Friday, 12 January 2018


'Types of Art Fair': Paul’s ART STUFF ON A TRAIN 242

  Sidney Herbert SimeWaves at Art UK

Londoners have two types of art fair available this week. The third edition of the Condo initiative (13 Jan – 10 Feb) sees 19 London galleries host 27 from elsewhere for pop-up exhibitions. The result sits somewhere between an art fair and the coordinated openings of Berlin’s 50-strong Gallery Weekend. There’s an evident energy, and plenty of strong individual artist presences. I reckon, though, that only three of the venues deliver to what might be seen as the ideal of the event: a coherent, integrated show bringing home and away artists together to make more than the sum of their parts: those at König, Project Native Informant and Rodeo (pairing Robert Overby and Ian Law in probably the outstanding show). The London Art Fair isn’t the tightly managed gathering of comparable participants that you find at Frieze, and the leading contemporary galleries don’t take part. Rather, LAF (Islington, 17-21 Jan) is of wildly variable quality. So you have to walk past a fair proportion of dross, but that’s part of the experience and there’s always excellence to offset it. Here, for example, are five things I liked this year: Frances Richardson at Chiara Williams (a whole stand installation playing games with carpets and giant wooden post-it notes); the Australian gallery Alaska’s three videos, including Maori performance artist and former model Angela Tiatia assertively demonstrating the tattoos which also featured on her grandmother); Adam Hennessy’s lively paintings and cringe-makingly funny ‘zine about getting crabs at New Art Projects; five artists’ choices of five works each from the national art collection; and the combination of Spanish artist Irene Grau and historical works from the 1970s by Yoshishige Furukawa at American gallery Maus Contemporary.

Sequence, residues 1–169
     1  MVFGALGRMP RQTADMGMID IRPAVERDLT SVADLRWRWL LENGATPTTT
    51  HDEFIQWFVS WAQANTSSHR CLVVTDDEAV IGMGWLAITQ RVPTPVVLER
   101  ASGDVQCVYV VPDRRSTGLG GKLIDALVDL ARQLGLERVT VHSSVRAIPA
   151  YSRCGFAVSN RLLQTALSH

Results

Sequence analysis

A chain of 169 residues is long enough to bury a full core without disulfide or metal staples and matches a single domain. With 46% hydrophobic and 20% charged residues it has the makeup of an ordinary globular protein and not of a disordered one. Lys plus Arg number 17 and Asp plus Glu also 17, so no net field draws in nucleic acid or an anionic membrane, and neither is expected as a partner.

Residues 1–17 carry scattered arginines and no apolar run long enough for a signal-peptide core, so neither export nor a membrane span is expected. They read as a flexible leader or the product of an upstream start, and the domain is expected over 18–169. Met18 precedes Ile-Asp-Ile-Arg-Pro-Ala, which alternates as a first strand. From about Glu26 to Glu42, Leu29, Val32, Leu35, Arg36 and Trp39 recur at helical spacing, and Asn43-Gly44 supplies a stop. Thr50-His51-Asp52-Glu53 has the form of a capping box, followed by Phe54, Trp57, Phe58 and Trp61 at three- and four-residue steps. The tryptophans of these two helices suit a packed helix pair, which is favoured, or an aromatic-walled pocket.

Yoshishige Furukawa: ‘D-21’, 1975 – industrial rubber, thread, canvas

'New Year New Spaces': Paul’s ART STUFF ON A TRAIN 242

Installation view: Jonathan Trayte: ‘Schussboomer’ at Castor Projects, Enclave 8, Resolution Way, Deptford to 27 Jan